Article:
26-27 Apr 1215
RLC, i, 197, 203b
27-28 Apr 1215
RLP, 134-4b; RLC, i, 197
The letters in RLP, 132, dated at Nottingham on 29 April must in reality date from 29 March.
28-29 Apr 1215
RLC, i, 197b
29-30 Apr 1215
RLP, 134b; RLC, i, 197b
30 Apr - 2 May 1215
RLP, 134b; RLC, i, 198, 203b-4
2 May 1215
RLP, 134b; RLC, i, 204
In the present week, the tide at last turned from uneasy peace to almost certain war. For a detailed assessment of the chronology here, readers are recommended to turn to the feature 'Dating the Outbreak of Civil War'. War itself was not certainly declared by the barons until 3 May. Even so, having met at Stamford, by Monday 27 April the barons were at Brackley, in arms and openly demanding that the King make good his promises to respect their laws and liberties. Despite the preparation of castles and siege defences across the midlands, there are signs that the rebellion, when it came, took John unawares. The King himself, ignoring the arrangements previously made for a meeting with the barons at Northampton around 26 April, had left London on Thursday 23 April, travelling via Alton to Clarendon in Wiltshire. His intention may have been to pacify the south west. Certainly, from Clarendon on 27 April he issued instructions replacing William de Harcourt, the former sheriff of Dorset and Somerset, with Ralph of Bray.1 At Corfe, the following day, he received the former sheriff's prisoners deposited for safe keeping in Corfe Castle, including hostages of the King of Scots.2
If ever there was a castle in England that corresponded to the Gothic image of Otrantoesque menace, then Corfe was it: a combination of stronghold, state prison and treasury. The castellan of Corfe, Peter de Maulay, was not only a Frenchman, from the Loire, but was rumoured the butcher of the King's nephew, Arthur of Brittany.3 It was therefore all the more sinister that on 29 April Peter was entrusted with the care of the King's youngest son, Richard, sent to Corfe under the protection of Ralph de Raleigh, with his school master, Roger of Acaster (probably a native of Acaster within Maulay's Yorkshire lordship of Mulgrave), and two trumpeters, presumably to proclaim the boy's importance along the way.4 Richard was to grow up not only under the shadow of war and murder, but in the south west of England, close to those parts that he was later to rule as earl of Cornwall. On 30 April, the garrison of Corfe was joined by nine serjeants, many of them with foreign-sounding names. Peter de Maulay was promised that if he accounted for the 100 marks lately given to him to supply the castle, then more money would be forthcoming.5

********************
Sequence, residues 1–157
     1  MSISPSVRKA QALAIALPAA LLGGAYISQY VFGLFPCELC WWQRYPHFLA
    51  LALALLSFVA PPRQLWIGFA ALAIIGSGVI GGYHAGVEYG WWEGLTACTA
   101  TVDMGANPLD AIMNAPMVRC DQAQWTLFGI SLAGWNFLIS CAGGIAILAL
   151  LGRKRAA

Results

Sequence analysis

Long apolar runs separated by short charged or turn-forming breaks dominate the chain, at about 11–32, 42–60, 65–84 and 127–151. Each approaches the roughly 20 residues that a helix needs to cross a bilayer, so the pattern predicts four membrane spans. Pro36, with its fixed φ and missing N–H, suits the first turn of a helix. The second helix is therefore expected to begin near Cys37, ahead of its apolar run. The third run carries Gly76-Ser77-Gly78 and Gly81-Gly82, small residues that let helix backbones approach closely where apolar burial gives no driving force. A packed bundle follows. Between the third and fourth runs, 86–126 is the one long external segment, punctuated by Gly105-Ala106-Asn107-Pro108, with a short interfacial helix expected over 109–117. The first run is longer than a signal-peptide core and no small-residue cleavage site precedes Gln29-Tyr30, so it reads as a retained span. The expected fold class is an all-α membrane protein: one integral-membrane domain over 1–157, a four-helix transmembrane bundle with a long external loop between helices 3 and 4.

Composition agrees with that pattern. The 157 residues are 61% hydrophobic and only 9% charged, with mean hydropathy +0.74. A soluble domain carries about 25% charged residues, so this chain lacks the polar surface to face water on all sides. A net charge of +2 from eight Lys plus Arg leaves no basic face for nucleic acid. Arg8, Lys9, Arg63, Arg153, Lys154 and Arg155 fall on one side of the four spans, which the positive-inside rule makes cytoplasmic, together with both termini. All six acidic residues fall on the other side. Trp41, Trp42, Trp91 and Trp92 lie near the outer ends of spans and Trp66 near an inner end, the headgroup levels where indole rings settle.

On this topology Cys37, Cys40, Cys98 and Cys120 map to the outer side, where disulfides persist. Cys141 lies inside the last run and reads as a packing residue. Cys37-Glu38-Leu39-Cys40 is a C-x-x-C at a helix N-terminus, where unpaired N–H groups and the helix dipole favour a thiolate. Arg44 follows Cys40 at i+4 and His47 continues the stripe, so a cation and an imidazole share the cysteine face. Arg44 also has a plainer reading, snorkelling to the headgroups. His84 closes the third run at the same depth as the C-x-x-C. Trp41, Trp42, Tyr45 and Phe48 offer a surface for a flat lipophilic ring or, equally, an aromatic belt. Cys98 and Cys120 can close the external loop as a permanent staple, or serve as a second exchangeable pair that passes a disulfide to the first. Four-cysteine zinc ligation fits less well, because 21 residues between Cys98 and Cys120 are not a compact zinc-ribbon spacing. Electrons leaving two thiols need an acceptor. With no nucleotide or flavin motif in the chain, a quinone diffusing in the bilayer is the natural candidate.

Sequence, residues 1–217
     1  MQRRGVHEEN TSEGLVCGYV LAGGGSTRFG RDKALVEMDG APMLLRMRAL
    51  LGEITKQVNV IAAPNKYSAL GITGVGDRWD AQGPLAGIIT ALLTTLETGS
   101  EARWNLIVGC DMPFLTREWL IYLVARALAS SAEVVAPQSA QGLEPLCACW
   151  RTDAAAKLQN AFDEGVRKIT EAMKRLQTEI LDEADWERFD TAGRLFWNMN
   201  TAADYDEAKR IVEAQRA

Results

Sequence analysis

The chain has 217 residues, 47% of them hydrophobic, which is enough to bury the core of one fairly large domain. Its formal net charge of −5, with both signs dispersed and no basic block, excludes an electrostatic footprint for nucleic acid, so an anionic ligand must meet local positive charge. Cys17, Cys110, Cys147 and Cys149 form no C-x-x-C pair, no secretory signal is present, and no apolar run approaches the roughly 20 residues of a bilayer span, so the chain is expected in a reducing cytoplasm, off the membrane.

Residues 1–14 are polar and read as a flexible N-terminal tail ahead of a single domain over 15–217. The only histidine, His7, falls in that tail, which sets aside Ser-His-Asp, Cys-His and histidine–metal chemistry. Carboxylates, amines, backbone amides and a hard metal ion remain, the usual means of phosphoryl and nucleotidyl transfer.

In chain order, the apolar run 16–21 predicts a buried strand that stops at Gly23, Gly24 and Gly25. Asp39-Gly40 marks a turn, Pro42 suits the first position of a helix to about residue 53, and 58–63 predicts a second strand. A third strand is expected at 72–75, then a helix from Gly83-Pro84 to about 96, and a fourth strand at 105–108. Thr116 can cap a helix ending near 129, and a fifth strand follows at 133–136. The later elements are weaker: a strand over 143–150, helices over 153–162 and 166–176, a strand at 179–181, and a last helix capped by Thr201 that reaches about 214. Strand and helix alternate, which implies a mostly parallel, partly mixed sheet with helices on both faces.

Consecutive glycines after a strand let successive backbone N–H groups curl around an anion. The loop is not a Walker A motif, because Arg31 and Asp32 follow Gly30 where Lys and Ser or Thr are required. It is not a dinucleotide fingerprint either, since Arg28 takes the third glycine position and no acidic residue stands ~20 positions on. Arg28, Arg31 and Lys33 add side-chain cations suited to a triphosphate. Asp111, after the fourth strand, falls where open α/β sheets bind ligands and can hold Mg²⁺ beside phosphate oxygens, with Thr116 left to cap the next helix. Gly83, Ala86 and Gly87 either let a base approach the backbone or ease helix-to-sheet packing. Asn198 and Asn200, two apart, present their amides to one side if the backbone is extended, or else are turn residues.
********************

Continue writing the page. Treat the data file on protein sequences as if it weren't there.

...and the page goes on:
Already, by the time the King reached Corfe, it was apparent that the gatherings at Stamford and Brackley demanded a response. The reality here seems to first to have dawned when the King reached Clarendon on Sunday 26 April. It was on this day that John issued instructions for a general arrest of all shipping in English ports, from as far north as Newcastle and Durham, all the way round the English coast to Cornwall. All English ships that had set out for foreign parts were to be recalled to port as soon as possible.6 This was a clear sign that the King not only feared the barons' intentions, but was determined that they receive no support from outside the realm. As ever, the nightmare haunting him was that, having seized Normandy and Anjou in 1204, the King of France would now extend his vendetta across the Channel to lay claim to the throne of England. Almost immediately, the arrest orders provoked petitions from ship-owners and passengers requesting exemption, some of them answered in letters copied into the chancery rolls.7 More significantly, on the same day that the arrest was ordered, the King dispatched his almoner Roger and Henry bishop of Emley (previously, as abbot of Cistercian Bindon, a close associate of the court) as envoys to Philip Augustus. They presumably carried messages informing Philip of events in England and asking that he lend no aid to the discontented barons.8
From Clarendon, the King had perhaps intended to make for Cirencester, to which, for Monday 27 April, he had summoned a large body of Marcher barons, including Walter de Lacy, John of Monmouth, Hugh de Mortimer and Walter of Clifford, assembled first at Gloucester but told on 30 April to move eastwards with horses and arms.9 Either Wales or the south-west might have been the original goal for this expedition. Alternatively, it may have been intended as a riposte to the barons (whom the King had been expected to meet at Northampton on 26 April), with the potential to turn eastwards towards Oxford and the Thames. In the event, after his brief visit to Corfe on Monday and Tuesday 27-28 April, the King headed northwards again, reaching Clarendon on Tuesday evening, Marlborugh (where the Queen was perhaps now kept) on the Wednesday, and Wallingford on the following day. There he remained from Thursday to Saturday, before travelling on to Reading. From Wallingford, on 2 May, he sent out yet another demand to local knights that they discharge their duty of castle guard and come to Wallingford's defence.10 Letters to the Pope and cardinals, authorized at Wallingford by Peter des Roches, made no mention of insurrection, but sought instead to delay any decision over the union of the see of Bath and Glastonbury until the King should return from his projected crusade.11